Robert Egger: Food, Felons and Philanthropy
Robert Egger is a social entrepreneur, award-winning author, and nonprofit leader. He opened the DC Central Kitchen in 1989, pioneering the concept of America’s first “community kitchen.” Now an $11 million a year, self-sustaining social enterprise, “The Kitchen” has produced over 26 million meals and has helped 1,000 men and women gain full-time employment.
Today, Robert serves as the Founder and President of the nonprofit L.A. Kitchen, which recovers fresh produce to fuel a culinary arts job training program for those coming out of foster care and incarceration.
At this Conversations, Robert told his fascinating story and shared future-forward perspectives on disruptive innovation and the nonprofit sector. He proposed that philanthropy isn’t really about service; it’s about empowerment. In order to truly help communities, he explained, we need to give their citizens more than a warm meal—we need to give them sustainable, real-world tools to elevate themselves out of poverty.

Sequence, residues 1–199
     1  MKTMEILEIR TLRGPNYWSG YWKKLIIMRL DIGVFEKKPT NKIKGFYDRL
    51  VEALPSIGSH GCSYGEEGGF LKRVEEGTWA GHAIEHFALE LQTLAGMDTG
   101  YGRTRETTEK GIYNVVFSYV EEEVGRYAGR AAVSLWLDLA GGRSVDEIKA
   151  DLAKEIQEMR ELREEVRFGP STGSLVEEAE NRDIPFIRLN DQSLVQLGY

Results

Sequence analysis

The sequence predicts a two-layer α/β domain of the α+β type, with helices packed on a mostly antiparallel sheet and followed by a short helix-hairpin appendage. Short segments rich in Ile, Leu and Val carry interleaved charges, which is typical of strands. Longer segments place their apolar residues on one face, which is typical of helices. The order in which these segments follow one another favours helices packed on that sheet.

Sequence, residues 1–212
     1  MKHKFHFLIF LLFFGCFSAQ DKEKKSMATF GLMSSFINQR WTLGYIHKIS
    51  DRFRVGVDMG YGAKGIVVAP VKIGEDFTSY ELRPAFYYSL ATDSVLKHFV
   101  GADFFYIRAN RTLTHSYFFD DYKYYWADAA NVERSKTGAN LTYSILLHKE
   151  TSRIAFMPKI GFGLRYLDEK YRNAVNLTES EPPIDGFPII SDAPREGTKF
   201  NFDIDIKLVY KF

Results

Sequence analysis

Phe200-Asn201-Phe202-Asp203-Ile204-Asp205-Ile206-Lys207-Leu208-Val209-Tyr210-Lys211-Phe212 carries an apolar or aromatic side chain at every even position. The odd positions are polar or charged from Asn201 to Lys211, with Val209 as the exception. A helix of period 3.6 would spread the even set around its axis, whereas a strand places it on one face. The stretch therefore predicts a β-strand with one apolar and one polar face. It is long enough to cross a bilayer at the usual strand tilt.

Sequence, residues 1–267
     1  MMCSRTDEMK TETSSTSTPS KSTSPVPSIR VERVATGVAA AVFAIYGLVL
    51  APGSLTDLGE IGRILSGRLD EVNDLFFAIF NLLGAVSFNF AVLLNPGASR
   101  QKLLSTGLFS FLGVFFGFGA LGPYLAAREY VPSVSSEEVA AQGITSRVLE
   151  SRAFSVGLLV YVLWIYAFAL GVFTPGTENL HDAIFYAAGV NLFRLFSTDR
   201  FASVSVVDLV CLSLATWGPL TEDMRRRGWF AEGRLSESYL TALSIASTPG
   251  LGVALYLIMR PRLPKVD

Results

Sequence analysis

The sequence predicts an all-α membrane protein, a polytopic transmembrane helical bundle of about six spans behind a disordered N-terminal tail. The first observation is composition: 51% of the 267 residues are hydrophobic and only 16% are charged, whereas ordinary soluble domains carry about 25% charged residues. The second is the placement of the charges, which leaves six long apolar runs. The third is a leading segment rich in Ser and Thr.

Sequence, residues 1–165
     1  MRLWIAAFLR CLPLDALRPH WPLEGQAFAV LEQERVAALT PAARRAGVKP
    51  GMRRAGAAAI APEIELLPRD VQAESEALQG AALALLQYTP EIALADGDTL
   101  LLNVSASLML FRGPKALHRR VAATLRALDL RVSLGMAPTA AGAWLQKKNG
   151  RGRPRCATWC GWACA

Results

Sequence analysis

As his work and nonprofit expanded, Robert became keenly aware that the aging Baby Boomer population would soon require intensive care and services—a need that our current healthcare and societal infrastructures simply aren’t ready to meet. Noting that Los Angeles has one of the highest concentrations of impoverished seniors in the U.S., Robert decided to move his philanthropic efforts to L.A. to help tackle this community-wide issue. Robert sees a huge opportunity to provide seniors with resources and healthy, “strong” food, and predicts that aiding the baby boom generation will demand the attention of a variety of industries—from technology to design to nonprofits—in the next few decades.